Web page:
|The Lord Airey|
|Died||1881 (aged 77–78) (aged 77 or 78)|
|Place of birth||Newcastle-upon-Tyne, United Kingdom|
Knight Grand Cross of the Order of the Bath|
Commander of the Legion of Honour (France)
Born at Newcastle-on-Tyne, Airey was the eldest son of Lieutenant-General Sir George Airey and his wife Catherine Talbot, daughter of Richard Talbot and Margaret Talbot, 1st Baroness Talbot of Malahide.
Airey was educated at the Royal Military College, Sandhurst and entered the army as an ensign of the 34th (Cumberland) Regiment of Foot in 1821. He became captain in 1825, and served as aide-de-camp on the staff of Sir Frederick Adam in the Ionian Islands (1827–1830) and on that of Lord Aylmer in North America (1830–1832). In 1838 Airey, then a lieutenant-colonel, went to the Royal Horse Guards as assistant adjutant-general, where in 1852 he became Military Secretary to the commander-in-chief, Lord Hardinge.
In 1854 he was given a brigade command in the army sent out to the East, from which, however, he was rapidly transferred to the onerous and difficult post of Quartermaster-General under Lord Raglan, in which capacity he served through the campaign in the Crimean War. He was reported upon most favorably by his superiors, Lord Raglan and Sir James Simpson and for his performance was made a major-general in December 1854 and was awarded a Knight Commander of the Order of the Bath (KCB). Following Raglan's instructions, Airey issued the fateful order for the Charge of the Light Brigade. He was also criticised for incompetence in the provision of supplies and transport. Airey demanded an inquiry on his return to England, which took place under Lord Seaton and which cleared him completely, but he never recovered from the effects of persecution from his critics.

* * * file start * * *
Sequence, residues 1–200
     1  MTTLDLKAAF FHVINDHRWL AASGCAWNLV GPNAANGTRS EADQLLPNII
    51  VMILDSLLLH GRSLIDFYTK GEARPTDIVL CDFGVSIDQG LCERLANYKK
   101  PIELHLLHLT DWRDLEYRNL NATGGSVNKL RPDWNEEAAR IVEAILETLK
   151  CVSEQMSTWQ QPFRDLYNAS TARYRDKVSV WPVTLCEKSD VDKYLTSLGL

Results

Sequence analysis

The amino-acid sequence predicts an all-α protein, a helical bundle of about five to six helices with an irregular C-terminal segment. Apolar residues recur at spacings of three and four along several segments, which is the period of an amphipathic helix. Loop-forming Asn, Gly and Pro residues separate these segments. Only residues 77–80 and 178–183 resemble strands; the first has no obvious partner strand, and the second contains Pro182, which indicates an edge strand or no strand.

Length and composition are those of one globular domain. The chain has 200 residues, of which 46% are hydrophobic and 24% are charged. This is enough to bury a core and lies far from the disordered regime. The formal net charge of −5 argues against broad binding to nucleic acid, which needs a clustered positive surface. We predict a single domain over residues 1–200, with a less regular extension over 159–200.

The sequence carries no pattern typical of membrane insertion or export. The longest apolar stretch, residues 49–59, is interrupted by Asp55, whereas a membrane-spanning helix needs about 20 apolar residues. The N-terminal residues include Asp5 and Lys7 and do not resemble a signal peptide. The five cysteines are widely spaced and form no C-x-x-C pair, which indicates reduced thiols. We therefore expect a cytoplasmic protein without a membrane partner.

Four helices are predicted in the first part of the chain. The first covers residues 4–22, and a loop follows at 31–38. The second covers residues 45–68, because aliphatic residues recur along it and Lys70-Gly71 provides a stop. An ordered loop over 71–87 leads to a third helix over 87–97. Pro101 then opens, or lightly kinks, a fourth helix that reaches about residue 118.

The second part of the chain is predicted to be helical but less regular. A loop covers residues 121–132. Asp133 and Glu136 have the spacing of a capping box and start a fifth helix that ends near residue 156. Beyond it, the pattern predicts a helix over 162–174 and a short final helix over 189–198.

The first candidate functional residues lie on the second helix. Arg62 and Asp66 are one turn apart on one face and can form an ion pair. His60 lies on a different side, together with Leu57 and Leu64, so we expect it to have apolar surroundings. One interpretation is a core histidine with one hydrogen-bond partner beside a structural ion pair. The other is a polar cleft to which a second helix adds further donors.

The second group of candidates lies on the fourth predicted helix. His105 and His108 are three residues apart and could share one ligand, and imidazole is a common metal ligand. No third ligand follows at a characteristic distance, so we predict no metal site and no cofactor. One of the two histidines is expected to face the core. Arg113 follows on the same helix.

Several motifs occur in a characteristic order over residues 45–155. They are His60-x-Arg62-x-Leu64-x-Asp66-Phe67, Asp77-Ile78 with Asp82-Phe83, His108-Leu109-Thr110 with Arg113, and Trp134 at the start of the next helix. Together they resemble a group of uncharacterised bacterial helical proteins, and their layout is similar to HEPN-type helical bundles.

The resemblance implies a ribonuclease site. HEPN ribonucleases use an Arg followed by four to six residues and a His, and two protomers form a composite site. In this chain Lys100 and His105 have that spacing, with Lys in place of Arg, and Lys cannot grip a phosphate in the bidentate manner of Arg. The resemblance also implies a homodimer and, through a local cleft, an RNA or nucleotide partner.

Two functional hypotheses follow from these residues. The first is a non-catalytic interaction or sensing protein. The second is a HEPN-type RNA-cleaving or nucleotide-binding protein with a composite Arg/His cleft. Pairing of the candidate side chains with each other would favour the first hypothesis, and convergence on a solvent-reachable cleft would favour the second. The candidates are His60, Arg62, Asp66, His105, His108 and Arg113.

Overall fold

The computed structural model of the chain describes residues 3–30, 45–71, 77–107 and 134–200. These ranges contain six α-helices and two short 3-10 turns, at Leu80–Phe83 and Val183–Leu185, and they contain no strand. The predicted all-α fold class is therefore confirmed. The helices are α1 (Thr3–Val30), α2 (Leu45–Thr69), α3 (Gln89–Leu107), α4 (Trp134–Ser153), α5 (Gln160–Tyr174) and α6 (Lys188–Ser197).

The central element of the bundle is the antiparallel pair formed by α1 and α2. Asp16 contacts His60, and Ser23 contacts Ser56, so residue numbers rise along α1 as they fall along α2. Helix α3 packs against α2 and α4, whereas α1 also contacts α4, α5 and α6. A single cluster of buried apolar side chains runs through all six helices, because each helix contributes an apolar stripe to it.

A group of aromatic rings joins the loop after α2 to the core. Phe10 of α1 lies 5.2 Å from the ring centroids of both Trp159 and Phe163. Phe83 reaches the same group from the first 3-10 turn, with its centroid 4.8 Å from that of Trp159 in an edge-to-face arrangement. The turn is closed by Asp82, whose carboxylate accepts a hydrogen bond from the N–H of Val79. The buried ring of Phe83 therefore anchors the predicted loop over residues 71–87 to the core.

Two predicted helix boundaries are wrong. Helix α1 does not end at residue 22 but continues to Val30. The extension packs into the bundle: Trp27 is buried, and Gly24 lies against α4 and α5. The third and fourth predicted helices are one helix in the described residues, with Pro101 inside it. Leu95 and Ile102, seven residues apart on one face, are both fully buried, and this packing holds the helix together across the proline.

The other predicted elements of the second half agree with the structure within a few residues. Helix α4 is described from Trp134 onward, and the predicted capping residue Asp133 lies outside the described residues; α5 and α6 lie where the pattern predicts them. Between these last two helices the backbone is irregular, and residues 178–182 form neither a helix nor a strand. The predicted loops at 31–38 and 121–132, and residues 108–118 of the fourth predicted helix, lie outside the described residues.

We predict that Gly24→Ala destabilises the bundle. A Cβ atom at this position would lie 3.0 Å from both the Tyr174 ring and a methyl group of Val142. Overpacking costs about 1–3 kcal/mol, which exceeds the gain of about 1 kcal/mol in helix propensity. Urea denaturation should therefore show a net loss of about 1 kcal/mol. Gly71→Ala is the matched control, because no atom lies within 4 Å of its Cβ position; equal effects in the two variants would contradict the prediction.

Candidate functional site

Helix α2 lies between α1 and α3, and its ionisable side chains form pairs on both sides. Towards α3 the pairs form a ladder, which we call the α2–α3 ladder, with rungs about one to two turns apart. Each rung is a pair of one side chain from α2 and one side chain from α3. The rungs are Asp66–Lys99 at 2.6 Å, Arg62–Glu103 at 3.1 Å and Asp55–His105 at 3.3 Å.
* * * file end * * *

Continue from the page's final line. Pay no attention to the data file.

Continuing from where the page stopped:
In 1855 he returned to London to become Quartermaster-General to the Forces at home. In 1862 he was promoted to lieutenant-general, and from 1865 to 1870 he was Governor of Gibraltar, being appointed a Knight Grand Cross of the Order of the Bath (GCB) in 1867. In 1870 he became Adjutant-General to the Forces at headquarters, and in the following year attained the full rank of general. On 29 November 1876, on his retirement, he was elevated to the Peerage of the United Kingdom as Baron Airey, of Killingworth in the County of Northumberland. During 1879–1880 he presided over the celebrated Airey Commission on army reform.
In 1838, he married his cousin, Harriet Mary Everard Talbot, daughter of James Talbot, 3rd Baron Talbot of Malahide. Their only daughter, Hon. Katherine Margaret Airey (d. 22 May 1896) married Sir Geers Cottrell, 3rd Baronet. Airey died at the house of Lord Wolseley, at Leatherhead, when his title became extinct.
Works related to at Wikisource
- Richard Airey at Oxford Dictionary of National Biography
- Dod, Robert P. (1860). The Peerage, Baronetage and Knightage of Great Britain and Ireland. London: Whitaker and Co.. pp. 86.
- "No. 24386". 24 November 1876. https://www.thegazette.co.uk/London/issue/24386/page/
- This article incorporates text from a publication now in the public domain: Chisholm, Hugh, ed. (1911) Encyclopædia Britannica (11th ed.) Cambridge University Press
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Sir Charles Ellice
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|Colonel of the 7th (Royal Fusiliers) Regiment of Foot
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